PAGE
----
Six years after committing the deadliest act of terrorism on U.S. soil, a silent, defiant Timothy McVeigh was executed today before hundreds of victims and family members, leaving only a written statement that concluded: "I am the master of my fate; I am the captain of my soul."
With his eyes staring straight at the ceiling, McVeigh, 33, was pronounced dead at 7:14 a.m. local time in Terre Haute, Ind., said prison warden Harley Lappin. McVeigh chose not to make a final statement, but released a copy of the 1875 poem Invictus, in his handwriting.
The convicted Oklahoma City bomber was the first federal prisoner executed since 1963.
"It's over," said Janice Smith, whose brother Lanny Scroggins died in the bombing.
"We don't have to continue with him anymore."
In Washington, President Bush gave a brief statement marking McVeigh's death. "The victims of the Oklahoma City bombing have been given not vengeance, but justice, and one young man met the fate he chose for himself six years ago," he said.
McVeigh's lawyer, Rob Nigh, said the execution may not ease people's wounds. "If killing Tim McVeigh does not bring peace or closure to them, I suggest to you that it is our fault," he said. "We have told them we would help heal their wounds in this way. We have taken it upon ourselves to promise to extract vengeance for them. We have made killing a part of the healing process."
‘We Are Ready’
For all the public attention surrounding the execution, the act itself was carried out clinically, methodically and with little fanfare.
Shortly after 7 a.m., McVeigh boosted himself on the execution gurney and was strapped down by prison officials, the warden said. Wrapped tightly in a light gray sheet, McVeigh strained to look around the facility trying to make eye contact with the various witnesses to his execution, said reporters who watched him die.
The execution began when a prison official said: "We are ready."
When the chemicals began dripping through the yellow and gray intravenous tubing into his right leg around 7:10 a.m., McVeigh's skin and lips became pale. Minutes later, witnesses said McVeigh made a few spasm-like movements.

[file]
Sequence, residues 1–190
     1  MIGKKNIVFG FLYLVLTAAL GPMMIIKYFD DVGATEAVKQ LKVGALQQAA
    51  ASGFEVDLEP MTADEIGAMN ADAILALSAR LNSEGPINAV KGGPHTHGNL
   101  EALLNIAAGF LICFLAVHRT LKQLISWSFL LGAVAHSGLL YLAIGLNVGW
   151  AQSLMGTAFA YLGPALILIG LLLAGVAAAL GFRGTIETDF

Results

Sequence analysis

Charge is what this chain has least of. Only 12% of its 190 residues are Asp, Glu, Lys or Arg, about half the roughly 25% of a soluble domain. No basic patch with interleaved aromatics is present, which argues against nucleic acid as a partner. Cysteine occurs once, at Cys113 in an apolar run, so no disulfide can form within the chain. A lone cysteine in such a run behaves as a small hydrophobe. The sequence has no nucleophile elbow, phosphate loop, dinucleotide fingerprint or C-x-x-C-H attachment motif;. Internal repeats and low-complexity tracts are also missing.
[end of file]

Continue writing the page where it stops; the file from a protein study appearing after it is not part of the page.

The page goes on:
As he took his final breaths, he made no additional movement and was described by one media witness as "seeming proud."
Just a few moments later, he was pronounced dead. Along with four witnesses for McVeigh — including two of his attorneys — 10 media witnesses and 10 victims' representatives who watched from behind glass in the execution facility, about 200 bombing survivors and victims' relatives watched McVeigh die on closed-circuit television in Oklahoma City.
As he lay dying on the gurney, he stared up at the ceiling into the camera that relayed his image miles away to Oklahoma City, where some observers said he appeared to be "glaring" at them. Witnesses said he died with his eyes open, fixed on the ceiling.
Attorney General John Ashcroft was in Oklahoma City to meet with victims and family members, but did not watch the execution.
For one survivor, there was justice in watching McVeigh die over the closed-circuit broadcast, but no closure. "When I die and they lay me in my grave, I'll have closure," said Kathleen Treanor, whose daughter and in-laws died in the bombing.
McVeigh's body was taken away from the execution facility for cremation, and his ashes will be spread in an undisclosed location. At McVeigh's request, no members of his family traveled to Terre Haute.